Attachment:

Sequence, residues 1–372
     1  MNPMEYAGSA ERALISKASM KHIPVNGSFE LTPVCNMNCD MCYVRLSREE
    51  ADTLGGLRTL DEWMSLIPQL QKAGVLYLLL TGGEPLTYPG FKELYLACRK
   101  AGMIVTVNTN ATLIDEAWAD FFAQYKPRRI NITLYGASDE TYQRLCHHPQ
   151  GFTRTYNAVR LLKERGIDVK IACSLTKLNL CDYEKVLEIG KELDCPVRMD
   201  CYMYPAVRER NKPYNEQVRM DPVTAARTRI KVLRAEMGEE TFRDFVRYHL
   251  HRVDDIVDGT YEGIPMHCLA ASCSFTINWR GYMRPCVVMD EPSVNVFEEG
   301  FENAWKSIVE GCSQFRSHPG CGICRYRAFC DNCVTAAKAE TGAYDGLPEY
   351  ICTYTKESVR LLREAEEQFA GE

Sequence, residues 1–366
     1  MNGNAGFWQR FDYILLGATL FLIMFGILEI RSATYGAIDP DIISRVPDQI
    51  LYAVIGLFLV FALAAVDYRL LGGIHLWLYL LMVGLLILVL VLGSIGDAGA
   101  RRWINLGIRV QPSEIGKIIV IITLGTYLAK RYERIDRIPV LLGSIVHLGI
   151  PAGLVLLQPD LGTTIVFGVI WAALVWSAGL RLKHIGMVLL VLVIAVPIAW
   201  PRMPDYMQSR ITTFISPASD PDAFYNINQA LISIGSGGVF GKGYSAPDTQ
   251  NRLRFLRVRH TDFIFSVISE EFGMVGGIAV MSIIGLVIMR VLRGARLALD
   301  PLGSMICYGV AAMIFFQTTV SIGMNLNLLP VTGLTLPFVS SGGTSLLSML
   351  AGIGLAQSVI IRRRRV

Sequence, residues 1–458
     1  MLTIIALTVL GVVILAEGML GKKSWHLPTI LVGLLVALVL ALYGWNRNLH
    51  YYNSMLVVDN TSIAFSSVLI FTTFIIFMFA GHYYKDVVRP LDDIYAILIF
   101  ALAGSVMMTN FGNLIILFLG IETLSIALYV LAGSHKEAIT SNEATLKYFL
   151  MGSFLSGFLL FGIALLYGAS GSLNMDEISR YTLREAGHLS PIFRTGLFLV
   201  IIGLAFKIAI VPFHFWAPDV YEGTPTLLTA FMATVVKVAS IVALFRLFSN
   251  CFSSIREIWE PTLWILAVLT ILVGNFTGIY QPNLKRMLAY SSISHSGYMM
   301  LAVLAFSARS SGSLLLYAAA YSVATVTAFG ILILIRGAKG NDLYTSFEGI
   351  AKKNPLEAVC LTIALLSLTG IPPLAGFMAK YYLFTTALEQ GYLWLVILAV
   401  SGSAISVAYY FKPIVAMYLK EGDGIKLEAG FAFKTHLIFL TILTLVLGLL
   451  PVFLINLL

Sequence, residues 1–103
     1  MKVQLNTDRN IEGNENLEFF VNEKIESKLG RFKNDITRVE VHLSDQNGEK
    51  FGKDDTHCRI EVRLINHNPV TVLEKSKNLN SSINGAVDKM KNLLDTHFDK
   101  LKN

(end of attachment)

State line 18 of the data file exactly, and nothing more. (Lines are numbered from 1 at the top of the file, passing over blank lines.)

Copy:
   351  AGIGLAQSVI IRRRRV